Thursday, 21 April 2016

Relatable

This is one post in an A-Z series of 26 where I am writing about living as a Mormon in the wilderness of Kuantan



Our circumstances and experience contribute to determining to what extent we can relate to something. And how we relate to something goes a long way to deciding if it is applicable to us.

In the Book of Mormon record, Laman and Lemuel couldn't relate to their father Lehi's dreams, visions and actions because they didn't have any experience in spiritual things. Unfortunately, this resulted in 1,000 years of family conflicts.

On the flip side, not being able to relate to something, doesn't always deem it unapplicable. Not one of us can relate to the atonement of Christ. We can learn about it, try to understand it, we can feel its effects in our lives, but we cannot directly relate to it as none of us have had to go through anything remotely similar to it. Yet its application in our lives is all-consuming.

While we know our circumstances should not alter our levels of faith, and most certainly do not lower the necessity of God's commands, living as a Mormon in the wilderness does bring up some things that we just can't relate to.

In recent General Conference talks, I have listened to our leaders talk of certain things that don't apply to us. Now, I am not speaking of the gospel of Jesus Christ, or the doctrine as presented in the Mormon church. I can always relate to the truth that has set me free and enlightened my mind. I refer to general statements, made-up words, and small components of principles.

1. Elder Quentin Cook stated in the October 2015 General Conference that "Christianity is under attack," which when compared to my experience in my quiet wilderness town of Kuantan, simply doesn't ring true.


I can't relate to that statement. I haven't personally experienced any hostilities regarding my faith. It is my lungs, not my faith which is under attack from a guy who smokes in a restaurant. I do not feel that my faith is under attack by the increasing number of bars selling alcohol. I do not feel that my faith is under attack when people decide to practise homosexuality more openly than before. No-one is removing my freedom to choose my responses.

Although I can't relate to this particular statement and it therefore doesn't apply to me, our circumstances don't alter our support of our elected leaders or our allegiance to the will of God. Perhaps to a majority in America, Christianity may seem to be under attack. Just not to us.


2. Secondly, the infamous profiteering of the fabricated word 'ponderize' by Devin Durrant in October 2015. This is something that I could not, would not and do not relate to. It's somewhat surprising how this talk gained authorisation. (His son was concurrently running a website selling 'ponderize' merchandise. Ooops)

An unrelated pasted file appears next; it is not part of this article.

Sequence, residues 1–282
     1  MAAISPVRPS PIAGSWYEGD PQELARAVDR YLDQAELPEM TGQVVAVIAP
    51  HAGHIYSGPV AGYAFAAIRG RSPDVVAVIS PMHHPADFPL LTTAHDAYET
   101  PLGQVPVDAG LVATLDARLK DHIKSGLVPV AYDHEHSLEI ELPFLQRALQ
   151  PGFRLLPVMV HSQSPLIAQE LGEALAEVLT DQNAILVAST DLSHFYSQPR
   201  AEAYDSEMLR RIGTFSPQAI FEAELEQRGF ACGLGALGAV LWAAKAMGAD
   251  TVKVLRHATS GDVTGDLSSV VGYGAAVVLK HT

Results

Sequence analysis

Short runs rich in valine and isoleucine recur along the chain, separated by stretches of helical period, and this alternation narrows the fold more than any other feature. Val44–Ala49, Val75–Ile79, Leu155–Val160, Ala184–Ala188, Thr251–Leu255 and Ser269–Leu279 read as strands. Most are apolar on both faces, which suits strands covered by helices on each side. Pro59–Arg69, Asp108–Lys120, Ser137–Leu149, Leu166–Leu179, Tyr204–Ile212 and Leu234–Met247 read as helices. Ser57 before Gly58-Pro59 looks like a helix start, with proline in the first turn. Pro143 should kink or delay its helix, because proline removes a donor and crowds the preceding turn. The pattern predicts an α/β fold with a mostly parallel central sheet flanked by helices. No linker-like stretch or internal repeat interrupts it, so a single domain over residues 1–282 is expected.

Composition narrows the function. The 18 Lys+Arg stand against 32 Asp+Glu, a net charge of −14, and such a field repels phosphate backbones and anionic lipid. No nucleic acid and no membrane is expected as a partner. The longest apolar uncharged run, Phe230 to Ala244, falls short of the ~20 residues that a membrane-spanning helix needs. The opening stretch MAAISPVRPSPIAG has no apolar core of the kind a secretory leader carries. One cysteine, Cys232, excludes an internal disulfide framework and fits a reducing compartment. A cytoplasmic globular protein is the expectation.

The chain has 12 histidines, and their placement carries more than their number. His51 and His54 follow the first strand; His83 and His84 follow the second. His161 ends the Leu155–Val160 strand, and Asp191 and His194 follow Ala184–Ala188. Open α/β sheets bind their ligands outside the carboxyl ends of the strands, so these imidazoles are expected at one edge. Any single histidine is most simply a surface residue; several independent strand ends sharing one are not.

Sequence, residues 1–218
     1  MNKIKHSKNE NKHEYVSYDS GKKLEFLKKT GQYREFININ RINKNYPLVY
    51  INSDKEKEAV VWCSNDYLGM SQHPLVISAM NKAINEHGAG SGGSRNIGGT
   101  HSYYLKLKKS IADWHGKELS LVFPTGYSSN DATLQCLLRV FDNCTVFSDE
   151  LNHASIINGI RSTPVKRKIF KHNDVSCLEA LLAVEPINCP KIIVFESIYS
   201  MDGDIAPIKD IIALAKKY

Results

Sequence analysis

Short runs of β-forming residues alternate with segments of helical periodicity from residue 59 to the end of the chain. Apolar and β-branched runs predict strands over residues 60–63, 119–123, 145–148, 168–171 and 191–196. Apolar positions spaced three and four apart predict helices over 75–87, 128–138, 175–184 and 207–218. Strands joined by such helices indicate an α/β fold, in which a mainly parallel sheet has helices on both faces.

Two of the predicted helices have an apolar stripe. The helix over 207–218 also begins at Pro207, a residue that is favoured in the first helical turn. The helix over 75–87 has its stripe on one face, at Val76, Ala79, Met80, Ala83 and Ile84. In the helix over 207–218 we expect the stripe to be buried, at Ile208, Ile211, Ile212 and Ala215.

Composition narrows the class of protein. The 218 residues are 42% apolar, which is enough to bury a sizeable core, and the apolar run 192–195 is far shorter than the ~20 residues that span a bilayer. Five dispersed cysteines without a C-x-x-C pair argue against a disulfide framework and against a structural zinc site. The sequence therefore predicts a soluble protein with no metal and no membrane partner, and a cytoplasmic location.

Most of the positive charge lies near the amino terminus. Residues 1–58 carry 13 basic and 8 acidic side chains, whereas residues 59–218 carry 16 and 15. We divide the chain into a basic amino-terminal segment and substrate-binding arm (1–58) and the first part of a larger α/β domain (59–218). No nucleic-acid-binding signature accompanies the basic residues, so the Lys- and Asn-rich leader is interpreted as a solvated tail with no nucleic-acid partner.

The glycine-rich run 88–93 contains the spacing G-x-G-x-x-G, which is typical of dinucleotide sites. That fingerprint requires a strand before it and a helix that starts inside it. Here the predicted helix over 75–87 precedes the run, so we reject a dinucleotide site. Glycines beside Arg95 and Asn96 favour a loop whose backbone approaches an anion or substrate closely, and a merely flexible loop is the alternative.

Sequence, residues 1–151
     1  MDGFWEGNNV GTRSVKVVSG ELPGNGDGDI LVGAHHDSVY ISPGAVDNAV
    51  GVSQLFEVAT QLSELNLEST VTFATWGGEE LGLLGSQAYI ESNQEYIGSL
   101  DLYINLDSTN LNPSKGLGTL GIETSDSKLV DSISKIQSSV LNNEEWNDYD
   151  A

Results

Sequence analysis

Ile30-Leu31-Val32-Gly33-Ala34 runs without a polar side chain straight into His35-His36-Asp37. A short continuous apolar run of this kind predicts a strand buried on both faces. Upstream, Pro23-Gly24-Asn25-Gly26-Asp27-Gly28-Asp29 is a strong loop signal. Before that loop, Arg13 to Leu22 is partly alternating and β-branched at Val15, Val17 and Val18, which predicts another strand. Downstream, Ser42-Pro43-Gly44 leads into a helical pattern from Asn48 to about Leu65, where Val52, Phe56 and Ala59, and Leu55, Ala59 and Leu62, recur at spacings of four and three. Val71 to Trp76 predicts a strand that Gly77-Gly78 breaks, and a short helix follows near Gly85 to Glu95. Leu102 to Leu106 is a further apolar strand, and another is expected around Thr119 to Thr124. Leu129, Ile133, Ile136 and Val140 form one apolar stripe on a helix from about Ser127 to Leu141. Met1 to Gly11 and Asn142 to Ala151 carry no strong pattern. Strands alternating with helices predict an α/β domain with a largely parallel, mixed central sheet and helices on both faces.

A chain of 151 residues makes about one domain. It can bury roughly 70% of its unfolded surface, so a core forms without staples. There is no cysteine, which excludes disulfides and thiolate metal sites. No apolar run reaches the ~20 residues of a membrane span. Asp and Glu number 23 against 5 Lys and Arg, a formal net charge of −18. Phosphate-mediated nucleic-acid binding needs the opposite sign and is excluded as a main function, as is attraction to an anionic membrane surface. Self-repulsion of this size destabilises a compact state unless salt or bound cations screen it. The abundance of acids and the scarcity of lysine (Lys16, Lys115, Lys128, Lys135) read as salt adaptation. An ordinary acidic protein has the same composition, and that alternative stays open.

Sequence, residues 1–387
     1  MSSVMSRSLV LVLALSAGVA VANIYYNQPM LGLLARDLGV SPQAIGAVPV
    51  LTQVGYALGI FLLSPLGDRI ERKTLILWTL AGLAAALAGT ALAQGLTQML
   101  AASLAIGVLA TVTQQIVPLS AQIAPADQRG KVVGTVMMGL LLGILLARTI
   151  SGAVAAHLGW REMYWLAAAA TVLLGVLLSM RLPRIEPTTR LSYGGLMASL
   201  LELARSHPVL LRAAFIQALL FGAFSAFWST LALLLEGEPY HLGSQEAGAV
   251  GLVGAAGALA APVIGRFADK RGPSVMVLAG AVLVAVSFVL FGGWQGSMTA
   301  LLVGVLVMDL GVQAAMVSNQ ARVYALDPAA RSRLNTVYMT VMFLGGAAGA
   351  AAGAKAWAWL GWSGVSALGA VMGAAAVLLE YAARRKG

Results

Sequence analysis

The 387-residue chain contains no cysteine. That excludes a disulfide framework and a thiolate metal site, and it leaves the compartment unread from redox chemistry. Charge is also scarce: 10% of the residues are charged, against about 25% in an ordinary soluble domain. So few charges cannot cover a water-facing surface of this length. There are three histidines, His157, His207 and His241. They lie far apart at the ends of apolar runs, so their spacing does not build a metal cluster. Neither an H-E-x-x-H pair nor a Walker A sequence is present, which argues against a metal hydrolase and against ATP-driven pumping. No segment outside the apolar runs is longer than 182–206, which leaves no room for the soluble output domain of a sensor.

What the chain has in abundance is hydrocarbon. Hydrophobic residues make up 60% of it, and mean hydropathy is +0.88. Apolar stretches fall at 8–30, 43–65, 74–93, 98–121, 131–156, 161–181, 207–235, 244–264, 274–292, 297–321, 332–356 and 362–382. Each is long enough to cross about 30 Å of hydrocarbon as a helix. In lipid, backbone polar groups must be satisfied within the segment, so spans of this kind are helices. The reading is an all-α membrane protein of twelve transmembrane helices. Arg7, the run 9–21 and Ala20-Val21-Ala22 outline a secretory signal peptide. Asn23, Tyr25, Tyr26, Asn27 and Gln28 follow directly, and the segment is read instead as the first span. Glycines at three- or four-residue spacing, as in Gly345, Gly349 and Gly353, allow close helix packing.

His attempt to make profits out of a General Conference talk was appalling.

I don't 'ponderize' the scriptures. No, Nephi was not a 'ponderizer.' And no, I don't try to make money out of spiritual preaching. I cannot relate to this person's words.


3. Thirdly, Elder Christoffersen gave a great talk in October 2015 where he balanced family and church. Very insightful. He remarked near the end, "Repentance is individual, but fellowship on that sometimes painful path is in the church."





This was a quote that both resonated with me and at the same time appeared very alien to me. Repentance is individual - yes. We have to do it ourselves, no-one else can repent for us. Repentance is probably the most self-reliant aspect of the gospel. The latter part of the quote is generally true, but for us in Kuantan, does not apply. We have no fellowship with other church members in a typical branch/ward community. The path of repentance and re-establishing a strong personal connection with Deity for us is a personal and lonesome struggle. A struggle, though, that has been a huge blessing in my life. Without living here in Kuantan, separate from the church, I would not have learned so effectively concerning the establishment of a personal relationship with Deity. It has been thrust upon us that we are doing this without the 'fellowship of the saints' and that we are of a stronger personal and family faith because of that.


I understand what all three gentlemen were trying to say. I also understand that they were speaking to a general audience of ward and branch church goers. Living in the wilderness is different in the fact that not everything our general leaders say, directly relates to us. This has increased my reliance on divine confirmation as to what snippets of proposed truth we should seriously consider. For example, church leaders have asked us to help refugees whenever possible. There are no refugees in Kuantan! So instead we continue to help others including ourselves whenever we can.

Not everything relates or applies to us, which is okay, but our peculiar circumstances don't change our devotion to God and the gospel covenants we have made with Him.

What it does is make us more aware of the specifics that do and don't relate to us living in the wilderness.

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